Bruce S. Hall

Bruce Hall
Associate Professor
Bruce S. Hall
Department of History
Website

Bruce S. Hall is an associate professor of history at UC Berkeley. Born in Canada, he received his B.A. from the University of Toronto and his M.A. from Queen's University, Ontario. He completed his graduate work in the United States, receiving his Ph.D. from the University of Illinois at Urbana-Champaign.

Professor Hall studies the intellectual and social history of a region of West Africa called the Sahel, which straddles the southern edge of the Sahara Desert and encompasses the modern countries of Mauritania, Mali and Niger. His work is located at the intersection between West Africa's Muslim high intellectual culture and social and economic issues which that intellectual culture sought to address. His first book, A History of Race in Muslim West Africa, 1600-1960, was published by Cambridge University Press in 2011. It is an intellectual history of arguments made about race and slavery in the West African Sahel. It reveals the long history of racial ideas in this region, and the different work that racial ideas were made to do over a period of more than three hundred years.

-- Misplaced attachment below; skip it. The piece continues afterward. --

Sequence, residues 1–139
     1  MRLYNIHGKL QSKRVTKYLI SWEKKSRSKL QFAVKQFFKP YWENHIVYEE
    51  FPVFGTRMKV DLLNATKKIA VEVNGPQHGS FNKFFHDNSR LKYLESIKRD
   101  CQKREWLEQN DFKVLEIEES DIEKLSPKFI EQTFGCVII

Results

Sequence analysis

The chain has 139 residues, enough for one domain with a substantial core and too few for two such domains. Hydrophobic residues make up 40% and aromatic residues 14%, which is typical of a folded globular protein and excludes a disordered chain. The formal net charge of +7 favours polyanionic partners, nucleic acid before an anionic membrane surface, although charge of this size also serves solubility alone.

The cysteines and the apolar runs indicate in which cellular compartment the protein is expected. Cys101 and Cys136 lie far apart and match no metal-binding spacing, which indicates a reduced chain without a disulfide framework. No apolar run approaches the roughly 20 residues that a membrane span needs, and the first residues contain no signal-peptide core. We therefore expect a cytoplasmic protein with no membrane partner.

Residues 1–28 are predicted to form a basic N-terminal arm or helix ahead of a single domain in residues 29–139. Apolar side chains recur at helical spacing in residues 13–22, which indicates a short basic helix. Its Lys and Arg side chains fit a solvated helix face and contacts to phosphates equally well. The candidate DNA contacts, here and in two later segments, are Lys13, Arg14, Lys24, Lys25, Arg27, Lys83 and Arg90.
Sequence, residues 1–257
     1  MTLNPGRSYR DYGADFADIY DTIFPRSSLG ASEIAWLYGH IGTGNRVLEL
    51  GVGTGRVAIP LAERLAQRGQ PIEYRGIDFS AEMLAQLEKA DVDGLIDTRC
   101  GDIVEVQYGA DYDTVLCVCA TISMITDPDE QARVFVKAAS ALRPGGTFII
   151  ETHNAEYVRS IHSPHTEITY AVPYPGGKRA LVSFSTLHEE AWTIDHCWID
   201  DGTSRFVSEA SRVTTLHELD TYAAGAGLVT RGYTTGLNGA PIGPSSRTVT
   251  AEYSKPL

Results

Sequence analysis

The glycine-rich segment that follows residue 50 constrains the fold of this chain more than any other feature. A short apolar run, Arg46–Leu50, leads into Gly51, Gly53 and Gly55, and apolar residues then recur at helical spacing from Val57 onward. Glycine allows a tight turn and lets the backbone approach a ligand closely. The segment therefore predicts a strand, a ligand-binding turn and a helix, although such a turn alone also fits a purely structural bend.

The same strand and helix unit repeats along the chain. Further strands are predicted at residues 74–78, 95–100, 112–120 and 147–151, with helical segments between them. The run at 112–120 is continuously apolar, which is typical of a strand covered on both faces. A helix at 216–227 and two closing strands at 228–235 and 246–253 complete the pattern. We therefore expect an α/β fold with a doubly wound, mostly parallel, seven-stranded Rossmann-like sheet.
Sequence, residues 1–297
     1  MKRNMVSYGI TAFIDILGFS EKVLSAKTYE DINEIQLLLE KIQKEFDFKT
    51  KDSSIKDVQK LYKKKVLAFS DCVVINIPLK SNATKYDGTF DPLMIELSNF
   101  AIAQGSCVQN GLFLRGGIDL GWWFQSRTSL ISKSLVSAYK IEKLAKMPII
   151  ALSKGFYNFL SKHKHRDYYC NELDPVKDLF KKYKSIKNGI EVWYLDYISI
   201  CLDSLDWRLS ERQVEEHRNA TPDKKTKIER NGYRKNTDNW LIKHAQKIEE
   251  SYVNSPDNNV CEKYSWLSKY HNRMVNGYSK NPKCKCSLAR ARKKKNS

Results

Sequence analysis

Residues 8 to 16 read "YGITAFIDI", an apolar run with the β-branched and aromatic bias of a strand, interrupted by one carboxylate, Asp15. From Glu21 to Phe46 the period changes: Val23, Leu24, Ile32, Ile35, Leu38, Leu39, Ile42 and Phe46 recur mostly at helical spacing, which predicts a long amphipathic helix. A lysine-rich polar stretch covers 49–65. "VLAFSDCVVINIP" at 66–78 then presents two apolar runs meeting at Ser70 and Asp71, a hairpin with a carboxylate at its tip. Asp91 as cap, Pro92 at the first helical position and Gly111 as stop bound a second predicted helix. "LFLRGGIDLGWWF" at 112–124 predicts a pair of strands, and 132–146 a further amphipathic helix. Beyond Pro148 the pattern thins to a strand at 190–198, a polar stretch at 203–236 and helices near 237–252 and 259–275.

Professor Hall is currently working on a second book project that focuses on the history of enslaved commercial agents in a nineteenth-century Saharan commercial network that connected Ghadames (Libya) and Timbuktu (Mali). Using more than a thousand Arabic letters found today in Timbuktu from the same extended family firm, he has identified a number of literate slaves who acted as commercial representatives for their masters in different markets of the Niger Bend region between 1850 and 1900. These slaves wrote and received letters to/from their masters. The book is tentatively called Bonds of Trade: Slavery and Commerce in the 19th-century Circum-Saharan World.

For many years Professor Hall has also been involved with a bibliographic database of Arabic manuscript materials from across West Africa developed by Charles Stewart, called the West African Arabic Manuscript Project, which can be viewed online at westafricanmanuscripts.org